According to a further aspect of the invention, a method is provided for associating a loop antenna with a tire comprising the steps:assembling a conductive ribbon antenna; attaching the ribbon antenna to a strength member, and attaching the antenna and strength member assembly into a pneumatic tire.
BRIEF DESCRIPTION OF THE DRAWINGS
The advantages of the invention, which will be apparent to those skilled in the art, are achieved by preferred and alternative embodiments that are described in detail below and illustrated by the accompanying drawings.
FIG. 1 is a perspective view of a tire and the subject annular apparatus with portions of the tire removed for the purpose of illustration.
FIG. 2 is an enlarged schematic view of a portion of an antenna apparatus incorporating a conductive ribbon antenna as a spiral wrap surrounding an elastic strength member pursuant to the invention.
FIG. 3 is a side perspective view of an antenna apparatus segment in a spiral wrap configuration.
FIG. 4 is a side perspective view of an antenna apparatus segment in an alternative braid wrap configuration.
DETAILED DESCRIPTION OF THE INVENTION
FIG. 5 is a transverse section view through antenna segment of FIG. 4 taken along the line 5-5.
A tire pressure monitoring system typically consists of a transponder having one or more sensors. The transponder and associated electronics are housed within a package. In order to send or receive RF signals, a transponder must have an antenna. The antenna is preferably annular in configuration in the subject invention but may have alternative shapes if desired. The antenna may either be incorporated into the tire during manufacture or affixed to the tire by way of a post manufacture procedure. As used herein, an “annular antenna” may be circular, oblong, symmetrical, or asymmetrical without departing from the subject inventive principles. However, the preferred configuration of the antenna is circular and sized to overlap the tire sidewall region to which it attaches. The antenna may comprise a single wire or a plurality of strands. As explained below, the present invention deploys a conductive tinsel configuration in the formation of an antenna. Various commercially available transponders, sensors, and other electrical devices deployed in combination with an annular antenna formed from conventional conductive materials are suitable for use in conformance with the principles of the subject invention. Acceptable materials for the antenna wire include steel, aluminum, copper, copper alloys or other electrically conducting wire.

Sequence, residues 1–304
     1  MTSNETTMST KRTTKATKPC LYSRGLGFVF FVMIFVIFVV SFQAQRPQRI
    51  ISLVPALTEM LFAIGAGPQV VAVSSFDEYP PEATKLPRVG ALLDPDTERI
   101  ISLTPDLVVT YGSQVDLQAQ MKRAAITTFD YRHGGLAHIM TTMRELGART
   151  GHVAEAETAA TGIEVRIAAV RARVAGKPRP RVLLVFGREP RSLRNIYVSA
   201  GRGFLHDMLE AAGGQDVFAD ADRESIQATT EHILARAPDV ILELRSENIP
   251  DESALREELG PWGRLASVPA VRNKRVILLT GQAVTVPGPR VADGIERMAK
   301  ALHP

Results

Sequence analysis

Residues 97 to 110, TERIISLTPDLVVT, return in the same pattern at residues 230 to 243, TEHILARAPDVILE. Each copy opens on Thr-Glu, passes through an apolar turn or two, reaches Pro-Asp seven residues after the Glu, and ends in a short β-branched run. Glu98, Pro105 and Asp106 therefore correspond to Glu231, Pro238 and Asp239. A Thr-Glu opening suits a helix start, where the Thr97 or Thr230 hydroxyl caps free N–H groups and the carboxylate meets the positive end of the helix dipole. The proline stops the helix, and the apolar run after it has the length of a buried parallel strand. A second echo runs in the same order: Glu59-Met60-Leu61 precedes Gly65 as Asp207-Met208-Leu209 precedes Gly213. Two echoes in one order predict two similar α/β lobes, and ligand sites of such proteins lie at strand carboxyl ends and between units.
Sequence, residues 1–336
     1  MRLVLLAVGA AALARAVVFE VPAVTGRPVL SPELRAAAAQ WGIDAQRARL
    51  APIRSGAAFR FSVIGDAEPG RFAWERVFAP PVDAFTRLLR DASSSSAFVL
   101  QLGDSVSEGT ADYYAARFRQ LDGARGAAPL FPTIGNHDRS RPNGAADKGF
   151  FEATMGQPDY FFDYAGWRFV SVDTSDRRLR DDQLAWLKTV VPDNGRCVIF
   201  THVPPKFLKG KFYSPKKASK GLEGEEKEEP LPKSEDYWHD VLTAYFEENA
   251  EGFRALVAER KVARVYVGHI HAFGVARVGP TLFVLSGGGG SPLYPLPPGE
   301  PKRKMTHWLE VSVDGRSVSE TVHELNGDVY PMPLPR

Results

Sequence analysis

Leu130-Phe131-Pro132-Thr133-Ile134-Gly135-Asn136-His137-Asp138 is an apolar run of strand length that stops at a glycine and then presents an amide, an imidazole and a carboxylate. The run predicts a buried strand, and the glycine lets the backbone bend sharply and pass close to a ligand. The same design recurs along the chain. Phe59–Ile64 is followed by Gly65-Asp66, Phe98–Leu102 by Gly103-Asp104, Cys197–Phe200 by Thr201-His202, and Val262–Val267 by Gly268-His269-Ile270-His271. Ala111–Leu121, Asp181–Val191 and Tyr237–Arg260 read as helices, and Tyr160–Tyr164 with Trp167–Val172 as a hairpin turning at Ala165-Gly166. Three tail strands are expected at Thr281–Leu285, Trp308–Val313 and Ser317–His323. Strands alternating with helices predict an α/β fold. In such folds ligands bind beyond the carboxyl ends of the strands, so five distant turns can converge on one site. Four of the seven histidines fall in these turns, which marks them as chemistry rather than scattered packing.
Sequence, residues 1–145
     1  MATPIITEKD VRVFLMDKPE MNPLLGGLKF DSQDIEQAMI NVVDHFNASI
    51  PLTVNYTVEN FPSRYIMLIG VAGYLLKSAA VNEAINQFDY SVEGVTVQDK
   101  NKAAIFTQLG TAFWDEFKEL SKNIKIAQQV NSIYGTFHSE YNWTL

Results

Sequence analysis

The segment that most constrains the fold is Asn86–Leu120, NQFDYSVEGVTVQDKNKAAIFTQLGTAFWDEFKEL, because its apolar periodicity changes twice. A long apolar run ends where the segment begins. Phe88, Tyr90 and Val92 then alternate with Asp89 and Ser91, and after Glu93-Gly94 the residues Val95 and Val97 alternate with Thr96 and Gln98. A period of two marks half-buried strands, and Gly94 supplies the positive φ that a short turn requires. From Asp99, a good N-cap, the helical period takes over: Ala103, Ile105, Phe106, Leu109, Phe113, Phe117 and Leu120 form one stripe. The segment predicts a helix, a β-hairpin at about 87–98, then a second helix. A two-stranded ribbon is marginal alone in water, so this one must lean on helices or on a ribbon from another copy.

Referring initially to FIG. 1, a preferred embodiment 10 of the subject invention is shown deployed within a tire 12. The tire 12 is formed from conventional materials such as rubber or rubber composites by conventional means and may comprise a radial ply or bias ply configuration. A typical tire 12 is configured having a tread 14, a shoulder 16, an annular sidewall 18, and a terminal bead 20. An inner liner 22 is formed and defines a tire cavity 24. The tire 12 is intended for mounted location upon an annular rim 26 having a peripheral rim flange and an outer rim flange surface 30. Rim 26 is conventionally configured and composed of a suitably strong metal such as steel.
An annular antenna, indicated generally at 32, is provided and, in the preferred embodiment, embodies on or more tinsel conductor(s) 32 wrapped or otherwise surrounding a strength member 36. Tinsel antenna 32 may be wrapped in alternative configurations around the strength member 36 as explained below.
With continued reference to FIG. 1, a transponder module 34 of the general type described above is provided and may include means for sensing tire parameters such as pressure and temperature. Included as part of the apparatus 10 is a strength member of elastic material 36 formed preferably but not necessarily into the annular configuration shown. Strength member 36 is formed of electrically insulating, elastic material as will be described below. In the post manufacturing state, therefore, the apparatus 10 comprising antenna 32, transponder module 34, and strength member 36 represents a unitary, generally circular, assembly that is readily transportable and handled for attachment to tire 12. The diameter of the apparatus assembly 10 is a function of the size of the tire 12 and the preferred attachment location thereon.
In reference to FIG. 1, the apparatus 10 is affixed to liner 22 of the tire 12 either during manufacture of the tire or, as preferable, in a post-manufacture assembly operation. Attachment may be by means of an adhesive or the apparatus may be embedded into the tire itself during manufacture.
With reference to FIG. 3, a tinsel conductor is made by initially rolling a round conductive wire into a flat ribbon 40. One or more ribbons are then closely spiraled around a textile strength member 38 to make a tinsel strand 32. The spacing of the tinsel ribbon wraps 40 in FIG. 3 is widened for the purpose of clarity. It is preferred, although not necessary, to wrap the tinsel ribbon 40 around the strength member 38 in a manner leaving no gap between adjacent wraps. The strand 32 thus comprises a metallic elongating cord that has sufficient elasticity to allow for repeated elongation and constriction cycles. Several strands 32, 36 may then be twisted together as shown in FIGS. 1 and 2 to form a complete tinsel conductor. The selection of the number of strands used to make the complete tinsel conductor is related to the required resistance and impedance of the antenna. Cables containing 7 to 19 strands are typical, but not limited thereto. Such conductors exhibit excellent flexibility and flex-fatigue endurance. For use as an antenna, the flexibility and flex-fatigue endurance characteristics result in high durability and the capacity to withstand stresses associated with tire manufacture and tire use.